Sometimes when Chris Williams watches ESPN he can't help but shake his head.
The highlight reels on today's sports channels seemingly have a common focus: the individual. Whether discussing an athlete's multi-million-dollar contract, how many points were scored in a big game, or gleaning insight into one's strategy on the field, sports often have a "me" mentality today.
Williams is troubled by this and has vowed that the athletic department he leads at Southern Wesleyan University (SWU) will be different. For ten years Williams has served as athletic director at SWU, an NCAA Division II institution with 19 varsity sports and 300 student-athletes. Ask Williams if he cares about wins and losses and, like any competitor, he will tell you yes.
But another type of "win" is substantially more important to him and his coaching staff. A win for souls.
Yes, all SWU coaches strive for athletic excellence at this Central, South Carolina, institution. However, they see athletics as being a driver for spiritual development, academic success, and community service.
"Athletics [in general] was started to build character development," said Williams. "We are trying to focus on spiritual development, and that is our job at Southern Wesleyan." Since SWU is a subsidiary of The Wesleyan Church, Williams believes the school's athletic department should be "part of helping students come closer to Christ through sport."
One way this happens is by having coaches committed to leading or facilitating Bible studies on each team. He notes that recently he spotted a SWU coach, with Bible in hand, headed to a table in the school cafeteria. The coach was about to lead a Bible study with students following behind, ready to learn. Whether happening in private, like in classrooms or locker rooms, or in public, such as in the cafeteria, Williams doesn't care. As long as SWU athletes and coaches are spending time in God's Word, that's what matters to him.
He is also seeing SWU teams serve fellow teammates, others on campus, those in the community, and even competitors. At a recent volleyball match, SWU players were shagging balls for the other team during warm-ups–a true example of serving others. He knows other teams at SWU are doing similar things.
While SWU coaches pour into their teams, those leaders are being built into as well. Local staff from FCA (Fellowship of Christian Athletes) lead Bible study once a week for SWU coaches and support staff.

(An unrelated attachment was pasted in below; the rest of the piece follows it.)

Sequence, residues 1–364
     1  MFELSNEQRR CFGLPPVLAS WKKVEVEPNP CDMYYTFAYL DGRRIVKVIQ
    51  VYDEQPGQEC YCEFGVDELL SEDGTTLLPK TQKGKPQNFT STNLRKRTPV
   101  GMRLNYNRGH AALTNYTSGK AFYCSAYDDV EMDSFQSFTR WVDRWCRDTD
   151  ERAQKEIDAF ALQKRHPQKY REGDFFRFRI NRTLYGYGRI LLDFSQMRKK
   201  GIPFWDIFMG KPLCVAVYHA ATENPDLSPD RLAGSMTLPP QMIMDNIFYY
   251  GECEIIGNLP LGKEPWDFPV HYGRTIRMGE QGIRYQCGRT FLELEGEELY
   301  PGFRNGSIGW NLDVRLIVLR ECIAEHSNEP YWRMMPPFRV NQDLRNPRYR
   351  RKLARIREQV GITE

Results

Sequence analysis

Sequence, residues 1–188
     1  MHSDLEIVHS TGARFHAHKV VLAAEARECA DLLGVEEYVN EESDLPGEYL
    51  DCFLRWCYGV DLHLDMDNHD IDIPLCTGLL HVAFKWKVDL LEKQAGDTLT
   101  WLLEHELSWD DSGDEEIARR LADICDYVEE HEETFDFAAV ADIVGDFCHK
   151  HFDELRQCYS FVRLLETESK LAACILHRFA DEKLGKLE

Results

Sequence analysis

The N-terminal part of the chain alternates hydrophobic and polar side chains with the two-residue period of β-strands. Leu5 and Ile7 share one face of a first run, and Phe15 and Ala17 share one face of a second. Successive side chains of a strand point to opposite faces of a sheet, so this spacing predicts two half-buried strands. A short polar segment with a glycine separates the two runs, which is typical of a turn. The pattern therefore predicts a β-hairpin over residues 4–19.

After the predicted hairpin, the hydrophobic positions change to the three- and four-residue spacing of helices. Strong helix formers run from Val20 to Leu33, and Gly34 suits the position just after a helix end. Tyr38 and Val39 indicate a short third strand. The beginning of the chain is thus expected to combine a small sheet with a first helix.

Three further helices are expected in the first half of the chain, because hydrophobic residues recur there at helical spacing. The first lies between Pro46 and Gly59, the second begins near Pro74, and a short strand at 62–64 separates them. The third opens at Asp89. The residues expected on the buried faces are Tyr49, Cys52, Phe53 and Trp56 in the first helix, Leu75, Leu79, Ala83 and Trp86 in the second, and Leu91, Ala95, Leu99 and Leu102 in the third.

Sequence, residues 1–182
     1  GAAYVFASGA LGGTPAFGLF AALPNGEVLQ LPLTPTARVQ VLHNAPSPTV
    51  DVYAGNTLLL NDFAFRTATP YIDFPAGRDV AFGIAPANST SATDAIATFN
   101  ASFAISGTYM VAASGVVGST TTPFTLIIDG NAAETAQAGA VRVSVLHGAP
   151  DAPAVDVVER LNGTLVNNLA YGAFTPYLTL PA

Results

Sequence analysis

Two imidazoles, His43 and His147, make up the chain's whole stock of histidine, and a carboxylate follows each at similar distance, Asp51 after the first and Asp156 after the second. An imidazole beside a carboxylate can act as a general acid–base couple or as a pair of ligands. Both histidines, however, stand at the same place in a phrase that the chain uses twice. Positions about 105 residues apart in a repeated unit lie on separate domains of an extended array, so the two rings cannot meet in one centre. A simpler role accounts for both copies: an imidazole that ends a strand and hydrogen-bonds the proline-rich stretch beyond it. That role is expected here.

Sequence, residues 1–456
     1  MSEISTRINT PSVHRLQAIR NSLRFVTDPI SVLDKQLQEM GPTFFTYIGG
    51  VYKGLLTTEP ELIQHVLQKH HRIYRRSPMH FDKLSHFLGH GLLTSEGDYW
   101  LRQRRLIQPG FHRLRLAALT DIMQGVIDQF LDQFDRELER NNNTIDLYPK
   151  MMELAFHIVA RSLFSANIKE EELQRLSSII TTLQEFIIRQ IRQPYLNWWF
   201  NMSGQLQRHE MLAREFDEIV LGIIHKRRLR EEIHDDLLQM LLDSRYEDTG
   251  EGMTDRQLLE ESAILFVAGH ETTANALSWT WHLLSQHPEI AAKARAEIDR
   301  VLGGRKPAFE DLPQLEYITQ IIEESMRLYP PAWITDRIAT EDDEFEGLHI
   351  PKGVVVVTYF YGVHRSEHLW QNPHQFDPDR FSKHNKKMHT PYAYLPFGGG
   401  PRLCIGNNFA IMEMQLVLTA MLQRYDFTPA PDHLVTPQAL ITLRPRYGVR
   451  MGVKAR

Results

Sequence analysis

"If we're trying to lead our students and our teams, we've got be filling ourselves up," said Williams. "As a corporate athletic staff we are having times of prayer and praying for our student athletes on a daily basis. We are ready to poor into them because our souls are full."
In the last year alone, three baptisms have taken place where SWU athletes have been baptized–two on campus in the steeplechase pit at the track and field complex and one at a women's basketball retreat off-campus. Staff, faculty, students, and coaches have all attended these baptisms and witnessed what God is doing in the SWU athletic department. John Davis, head coach of the women's basketball team, notes what is happening on the team he leads.
"It has been great to see individuals come to a better understanding of what Jesus means in our everyday lives," said Davis. "We have a veteran group this year that has really devoted themselves to serving others during their time here. To be able to hear seniors say that all they want to do is serve their teammates is a testament to how much they have grown."
The community is also noticing what God is doing at Southern Wesleyan. While out in the community attending an event at a local theater, a woman approached Williams. She had "run into a SWU team and was encouraged to learn that spiritual development was important to the university."
Rev. Ken Dill, SWU's associate vice president for spiritual life, said "God is on the move here at SWU–in mighty ways and quieter ways!" He notes that Williams recruits coaches who will be spiritual leaders for their teams.
"The movement of God's Spirit is across our campus and includes our student-athletes," said Rev. Dill. He said this year the athletic department purchased FCA Bibles for every student-athlete and this year, three of the four student chaplains are student-athletes.
"We are not perfect at all, and we screw up [sometimes]," said Williams. "But our goal is to continually put spiritual development at the forefront of our athletic program and institution. If we are about being a Christ-centered, student-focused institution, this is what we should be doing every day, even in athletics."
Williams hopes the coaches, staff, and athletes he leads continue to impact lives, whether their families, dorms, teams, communities, or the world.
"What we're doing at SWU on the day to day basis is the church in action," said Williams. "This is getting into the grime and the grit of 'what is my faith and what am I going to do with it?' This encourages me to keep serving and doing what I'm doing. It's really relevant we get outside these four walls."